Japan, which is a major competitor with China, has a currency that is dropping like nobody’s business.
China is caught between a rock and a hard place here.
If they keep the yuan strong, they lose competitiveness to Japan and the rest of Asia. If they weaken the yuan, it will drive inflation domestically (and possibly spark off a currency war).
The old timers will remember this during the Asian Financial Crisis.
Currencies across Asia fell one by one. And China holding strong on the Yuan was one of the key bastions of strength.
Well 25 years later – and a hawkish Federal Reserve threatens to repeat the same thing again.
Only this time, China is many multitudes bigger than they were back then.
Watch this space closely.
A big move in the Yen or the Yuan, will have repercussions for all of Asia.
Will I invest $1 million in China stocks in 2022?
The beauty about investing, is that you do everything you can to gather information on a topic.
And then based on the information at hand (which is likely to be imperfect), you need to make a judgment call on how the future is likely to play out.
Most people think of investing as mathematics, a problem to be “solved”.
In reality investing is more like poker.
A complete amateur may win 50% of his bets.
A pro like George Soros may win 55% of them.
And sometimes the difference between the pro and the amateur, is knowing how much to bet, and knowing when not to bet.
What is my personal view on China Stocks?
My gut feel here – is that I think China stocks have bottomed.
Don’t know how to explain it too.
I’ve shared with you the 3 strongest reasons both ways above, and based on this my view is that we may have bottomed.
But – Am I willing to bet a million dollars on it?
My capital is limited too, and as much as I want to throw a million on China stocks, a million on US Tech, and a million on Singapore REITs, in real life I need to choose where to deploy my limited funds.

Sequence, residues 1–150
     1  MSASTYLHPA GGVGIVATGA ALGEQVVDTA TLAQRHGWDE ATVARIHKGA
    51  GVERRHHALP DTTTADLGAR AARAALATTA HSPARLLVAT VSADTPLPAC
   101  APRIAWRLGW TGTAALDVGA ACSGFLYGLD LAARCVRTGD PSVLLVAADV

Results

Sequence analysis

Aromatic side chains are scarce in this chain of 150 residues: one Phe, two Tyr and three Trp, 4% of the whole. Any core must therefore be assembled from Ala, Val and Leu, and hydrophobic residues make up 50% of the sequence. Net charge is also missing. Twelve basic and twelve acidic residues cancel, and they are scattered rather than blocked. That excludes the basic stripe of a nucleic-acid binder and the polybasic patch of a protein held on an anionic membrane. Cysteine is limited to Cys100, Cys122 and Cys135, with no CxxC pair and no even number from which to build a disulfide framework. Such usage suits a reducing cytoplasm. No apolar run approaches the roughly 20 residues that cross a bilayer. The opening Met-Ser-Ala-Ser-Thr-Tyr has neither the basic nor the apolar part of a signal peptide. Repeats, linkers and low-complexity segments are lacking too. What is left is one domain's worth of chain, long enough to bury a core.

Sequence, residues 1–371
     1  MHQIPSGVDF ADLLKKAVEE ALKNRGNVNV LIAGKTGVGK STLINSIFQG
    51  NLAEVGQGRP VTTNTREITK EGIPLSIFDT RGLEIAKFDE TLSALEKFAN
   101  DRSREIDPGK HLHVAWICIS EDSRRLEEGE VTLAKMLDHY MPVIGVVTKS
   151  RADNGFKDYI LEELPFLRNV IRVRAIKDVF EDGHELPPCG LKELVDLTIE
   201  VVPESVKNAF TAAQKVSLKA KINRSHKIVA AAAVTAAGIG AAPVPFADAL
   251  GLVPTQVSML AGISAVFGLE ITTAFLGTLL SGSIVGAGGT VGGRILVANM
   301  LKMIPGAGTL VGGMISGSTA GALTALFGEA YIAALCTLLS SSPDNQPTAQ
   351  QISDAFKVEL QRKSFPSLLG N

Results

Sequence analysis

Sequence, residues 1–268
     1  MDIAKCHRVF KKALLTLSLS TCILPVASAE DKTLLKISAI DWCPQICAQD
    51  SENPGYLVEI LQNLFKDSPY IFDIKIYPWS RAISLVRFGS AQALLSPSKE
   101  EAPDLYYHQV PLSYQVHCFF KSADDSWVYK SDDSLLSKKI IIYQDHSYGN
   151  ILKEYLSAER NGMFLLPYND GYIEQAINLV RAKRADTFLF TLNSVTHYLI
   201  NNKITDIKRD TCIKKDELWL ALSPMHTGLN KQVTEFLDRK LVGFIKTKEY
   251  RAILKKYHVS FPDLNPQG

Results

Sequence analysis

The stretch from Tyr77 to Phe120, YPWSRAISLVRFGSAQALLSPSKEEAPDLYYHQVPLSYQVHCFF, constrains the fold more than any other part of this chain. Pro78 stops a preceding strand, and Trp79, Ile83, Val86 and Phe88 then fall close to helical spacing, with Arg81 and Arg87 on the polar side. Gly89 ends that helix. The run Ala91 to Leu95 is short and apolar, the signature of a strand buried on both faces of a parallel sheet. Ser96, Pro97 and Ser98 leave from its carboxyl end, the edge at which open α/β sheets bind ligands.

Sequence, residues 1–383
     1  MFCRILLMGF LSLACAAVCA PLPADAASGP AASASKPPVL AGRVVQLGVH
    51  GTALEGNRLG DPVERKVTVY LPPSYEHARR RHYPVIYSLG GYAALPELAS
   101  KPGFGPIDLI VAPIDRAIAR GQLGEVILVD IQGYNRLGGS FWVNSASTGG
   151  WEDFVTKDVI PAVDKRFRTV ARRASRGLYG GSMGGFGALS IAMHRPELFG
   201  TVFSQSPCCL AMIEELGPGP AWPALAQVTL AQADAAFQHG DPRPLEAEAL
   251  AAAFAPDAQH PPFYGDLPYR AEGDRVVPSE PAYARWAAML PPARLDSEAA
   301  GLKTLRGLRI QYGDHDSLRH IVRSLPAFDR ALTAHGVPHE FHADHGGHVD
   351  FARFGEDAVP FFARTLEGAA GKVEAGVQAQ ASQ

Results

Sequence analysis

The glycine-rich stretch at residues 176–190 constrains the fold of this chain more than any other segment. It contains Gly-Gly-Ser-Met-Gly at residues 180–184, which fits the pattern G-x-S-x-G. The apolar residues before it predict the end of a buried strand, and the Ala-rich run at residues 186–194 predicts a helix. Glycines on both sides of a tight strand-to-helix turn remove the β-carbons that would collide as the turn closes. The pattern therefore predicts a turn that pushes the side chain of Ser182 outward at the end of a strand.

What happened to China… will happen to the West?
I know this is going to be an unpopular opinion, but my view is that what China went through the past 18 months, the West may need to go through as well.
After COVID, global central banks injected copious amounts of liquidity into the markets.
This gave us a stimulus induced sugar rush, with rallies in everything from meme stocks to crypto to SPACs.
The way I see it, either the West needs to (1) go through what China went through the past 18 months, or they need to (2) accept high inflation (and watch as the value of paper money gets eroded away).
You can see the difference in monetary policy.
On one hand you have the PBOC (China Central Bank) cutting interest rates. On the other you have the Feds and ECB raising interest rates aggressively.
So for now at least, what happened with China where they weaned off the post-COVID sugar rush, may have to happen with the West as well.
Of course my view is that after a period of pain, the West will eventually go down option 2 (and all hell will break loose).
But that’s a discussion for another day.